I'm iffy on this, however the journal is what did it for me. Unfortunately the sections that turned into links didn't work (not sure if they were intended to) but I was hoping to see some thread of conversation about the origin of this submission. POssible conversations of ideas passed around, hence why it is illegible or lost to translation. Overall though a decent submission, I'm just not to keen on super monsterous fantasy based mechanical juggernaughts. But its really cool and the jounral I think is what did it for me... big thuimbs up. Go to Comment
The journal entries are outstanding. The idea is very good. Alex is always on top of his game. As a suggestion, I would edit the references to the D6 die to make it more generic to other game systems, but I don't suppose any intelligent GM would fail to adapt. Go to Comment
Indeed, an excellent submission. A good and enjoyable backstory and very logically coherent as to why it exists, why the Byrlothians can't just make more, etc. 5/5
As a further development, once the Dragon Mages realise what has happened and why, they might try experimenting and see if they can create their own (they should be capable of it given that it was a side effect of the Dragon Mage magic that caused it, even though it might be a very difficult process trying to figure out how to do it controllably). This would put even more pressure on the Byrlothians to bring the war to a rapid conclusion. Go to Comment
A pretty basic 2/5. It's a pretty regular "oh-no-talented-noble-son-lost-his-birthright" story. *shrugs*
How it could be improved-
He could be made more special. There must be some other reason that he's unique? Secret magic power? Maybe he is actually the king's son, but was raised secretly in the noble's home?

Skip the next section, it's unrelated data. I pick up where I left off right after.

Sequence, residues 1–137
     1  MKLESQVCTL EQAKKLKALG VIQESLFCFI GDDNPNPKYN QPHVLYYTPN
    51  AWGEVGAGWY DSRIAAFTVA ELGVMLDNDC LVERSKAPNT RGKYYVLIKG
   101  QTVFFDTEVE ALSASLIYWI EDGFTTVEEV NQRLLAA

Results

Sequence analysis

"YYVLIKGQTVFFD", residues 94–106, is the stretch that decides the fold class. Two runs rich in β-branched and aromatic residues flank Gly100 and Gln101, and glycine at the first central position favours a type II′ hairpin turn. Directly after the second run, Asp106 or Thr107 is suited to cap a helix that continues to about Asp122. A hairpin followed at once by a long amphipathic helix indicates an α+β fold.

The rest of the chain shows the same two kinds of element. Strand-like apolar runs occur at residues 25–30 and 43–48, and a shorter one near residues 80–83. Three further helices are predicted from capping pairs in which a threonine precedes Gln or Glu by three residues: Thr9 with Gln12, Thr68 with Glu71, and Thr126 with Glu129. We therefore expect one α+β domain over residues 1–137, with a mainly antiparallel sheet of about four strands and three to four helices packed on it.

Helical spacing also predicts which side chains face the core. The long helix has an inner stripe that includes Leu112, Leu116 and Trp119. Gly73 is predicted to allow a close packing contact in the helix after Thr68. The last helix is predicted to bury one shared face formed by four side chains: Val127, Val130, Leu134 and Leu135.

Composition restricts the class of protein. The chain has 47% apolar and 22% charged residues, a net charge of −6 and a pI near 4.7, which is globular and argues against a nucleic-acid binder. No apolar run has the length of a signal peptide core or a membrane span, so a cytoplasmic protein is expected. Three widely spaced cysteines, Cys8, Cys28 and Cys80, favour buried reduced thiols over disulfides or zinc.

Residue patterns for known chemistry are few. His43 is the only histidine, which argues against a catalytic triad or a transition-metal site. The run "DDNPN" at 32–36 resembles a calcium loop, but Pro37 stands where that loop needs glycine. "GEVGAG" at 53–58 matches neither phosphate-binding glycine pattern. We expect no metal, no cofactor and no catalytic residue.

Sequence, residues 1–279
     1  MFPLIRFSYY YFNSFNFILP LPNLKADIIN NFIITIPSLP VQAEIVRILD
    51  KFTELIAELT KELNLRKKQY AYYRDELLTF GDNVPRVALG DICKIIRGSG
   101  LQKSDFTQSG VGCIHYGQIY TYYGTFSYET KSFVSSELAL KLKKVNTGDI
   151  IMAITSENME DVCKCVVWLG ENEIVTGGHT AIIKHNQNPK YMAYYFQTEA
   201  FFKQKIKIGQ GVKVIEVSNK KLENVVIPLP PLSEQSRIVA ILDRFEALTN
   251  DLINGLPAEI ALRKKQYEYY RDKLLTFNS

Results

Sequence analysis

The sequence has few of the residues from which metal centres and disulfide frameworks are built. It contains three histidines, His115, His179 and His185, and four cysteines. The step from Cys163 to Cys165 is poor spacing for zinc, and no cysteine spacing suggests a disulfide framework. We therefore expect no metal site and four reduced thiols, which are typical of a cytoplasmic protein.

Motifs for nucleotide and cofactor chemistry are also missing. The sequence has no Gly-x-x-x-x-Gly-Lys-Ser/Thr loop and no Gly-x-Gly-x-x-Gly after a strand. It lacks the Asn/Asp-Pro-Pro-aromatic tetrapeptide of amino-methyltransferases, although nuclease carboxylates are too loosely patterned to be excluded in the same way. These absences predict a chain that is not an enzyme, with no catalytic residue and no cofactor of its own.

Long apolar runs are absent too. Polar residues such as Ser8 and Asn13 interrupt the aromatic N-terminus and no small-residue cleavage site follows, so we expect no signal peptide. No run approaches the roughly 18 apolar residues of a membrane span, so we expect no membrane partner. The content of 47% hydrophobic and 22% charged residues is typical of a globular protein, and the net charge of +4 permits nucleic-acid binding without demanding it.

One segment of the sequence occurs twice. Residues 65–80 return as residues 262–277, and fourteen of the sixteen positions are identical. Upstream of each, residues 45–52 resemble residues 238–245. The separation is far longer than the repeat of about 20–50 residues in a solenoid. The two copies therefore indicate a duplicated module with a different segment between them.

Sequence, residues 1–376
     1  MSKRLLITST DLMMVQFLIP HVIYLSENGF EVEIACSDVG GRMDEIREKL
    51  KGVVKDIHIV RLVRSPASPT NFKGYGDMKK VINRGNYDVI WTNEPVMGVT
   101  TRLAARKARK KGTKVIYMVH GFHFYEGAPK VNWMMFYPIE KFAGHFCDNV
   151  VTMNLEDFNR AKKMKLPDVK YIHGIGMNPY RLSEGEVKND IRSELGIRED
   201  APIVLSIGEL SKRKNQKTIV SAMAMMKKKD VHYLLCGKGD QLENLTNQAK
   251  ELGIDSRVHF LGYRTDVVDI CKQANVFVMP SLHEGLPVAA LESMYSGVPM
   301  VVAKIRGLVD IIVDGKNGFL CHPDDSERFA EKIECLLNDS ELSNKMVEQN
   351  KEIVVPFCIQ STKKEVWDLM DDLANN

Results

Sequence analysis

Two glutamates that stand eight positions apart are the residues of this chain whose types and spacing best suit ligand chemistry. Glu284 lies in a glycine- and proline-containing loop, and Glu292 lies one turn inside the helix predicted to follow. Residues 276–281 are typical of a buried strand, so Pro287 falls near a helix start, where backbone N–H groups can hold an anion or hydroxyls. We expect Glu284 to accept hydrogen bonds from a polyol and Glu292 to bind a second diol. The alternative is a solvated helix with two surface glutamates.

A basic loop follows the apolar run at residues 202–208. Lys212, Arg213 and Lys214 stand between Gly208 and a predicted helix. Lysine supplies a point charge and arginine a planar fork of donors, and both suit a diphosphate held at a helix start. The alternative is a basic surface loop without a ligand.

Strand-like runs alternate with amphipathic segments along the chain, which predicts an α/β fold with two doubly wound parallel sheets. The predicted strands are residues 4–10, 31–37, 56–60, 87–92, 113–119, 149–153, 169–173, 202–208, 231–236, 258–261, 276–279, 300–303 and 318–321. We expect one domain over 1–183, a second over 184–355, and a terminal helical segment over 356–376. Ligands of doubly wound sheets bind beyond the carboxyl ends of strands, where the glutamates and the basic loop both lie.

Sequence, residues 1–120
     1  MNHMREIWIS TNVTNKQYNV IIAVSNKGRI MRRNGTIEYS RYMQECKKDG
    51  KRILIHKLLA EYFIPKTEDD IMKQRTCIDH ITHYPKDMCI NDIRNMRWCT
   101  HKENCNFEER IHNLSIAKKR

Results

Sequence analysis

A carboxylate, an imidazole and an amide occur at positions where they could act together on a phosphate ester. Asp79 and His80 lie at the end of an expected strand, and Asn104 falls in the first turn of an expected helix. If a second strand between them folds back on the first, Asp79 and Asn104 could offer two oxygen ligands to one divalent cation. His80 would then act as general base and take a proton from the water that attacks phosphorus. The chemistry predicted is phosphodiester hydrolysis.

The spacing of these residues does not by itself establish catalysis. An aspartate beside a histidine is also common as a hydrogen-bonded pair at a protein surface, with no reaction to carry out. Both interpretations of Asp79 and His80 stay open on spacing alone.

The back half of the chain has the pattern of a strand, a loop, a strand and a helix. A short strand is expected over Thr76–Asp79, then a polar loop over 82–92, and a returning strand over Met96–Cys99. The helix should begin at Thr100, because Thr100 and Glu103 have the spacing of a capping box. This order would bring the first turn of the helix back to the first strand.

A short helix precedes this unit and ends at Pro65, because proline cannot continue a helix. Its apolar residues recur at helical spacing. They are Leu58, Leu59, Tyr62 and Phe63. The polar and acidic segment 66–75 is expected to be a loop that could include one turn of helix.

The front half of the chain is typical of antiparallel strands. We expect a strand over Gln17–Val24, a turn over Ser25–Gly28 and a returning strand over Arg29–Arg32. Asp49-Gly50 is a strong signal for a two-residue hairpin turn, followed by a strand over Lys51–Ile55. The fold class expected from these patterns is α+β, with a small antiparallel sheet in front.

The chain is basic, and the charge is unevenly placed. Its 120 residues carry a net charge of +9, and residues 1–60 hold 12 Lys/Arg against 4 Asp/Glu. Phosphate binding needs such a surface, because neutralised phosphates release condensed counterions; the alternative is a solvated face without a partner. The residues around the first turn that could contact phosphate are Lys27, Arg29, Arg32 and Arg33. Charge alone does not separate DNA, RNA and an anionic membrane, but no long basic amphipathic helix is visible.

Not a bad effort, but aside from the ebony flute, there is not much different from the standard prodigal son. I do think it seems odd that Alastor's father gave him exactly what he wanted, release from royal duty but with the addition of being disowned from the family.
Perhaps if his father had offered to take the idea under consideration, he could later, in a public ceremony (So the disgrace born by Alastor would be greater) be officially disowned, and exiled from the family holdings. He would have to live in the shadow of his own percieved or otherwise failure, plus a great number of people would know. Disowning an heir-apparent would be an event of some signifigance. The current post makes the father seem on one hand benevolent and wise with the giving of the flute and the inscription, and then he becomes the impulsive tyrant, raising a blade against his own blood.
Now, if the father had waited a few days and then had held a faux-funeral, complete with musical accompanyment, emphasising perhaps flute players as a final gift for his son who was now dead to him, now that would be wicked.
I like the details you put in to the post and the ebony flute of course is the strength of this post. If you addressed some of the things mentioned by the previous two commentors I could see raising the grade, but for now it's a 3 to me :-) Go to Comment
The thing you need to make sure is that this is a world where books and printing presses exist. Otherwise, there probably won't be enough copies of anything to justify the expense of scribing the books. (Though if he is that popular, there might be). There is the economics to think of.
You also need to make sure your character's are literate and might actually spend some time reading these things. If the books are scribed, they might be too precious to just let litter around. So you need to make sure that there is a "path" that will lead the players to the adventurous folk books... either they can read it themselves, or they need to be of the type to tell their adventures at a bar, where everyone will then smirk because that was the story in Adventurous folk last season. Go to Comment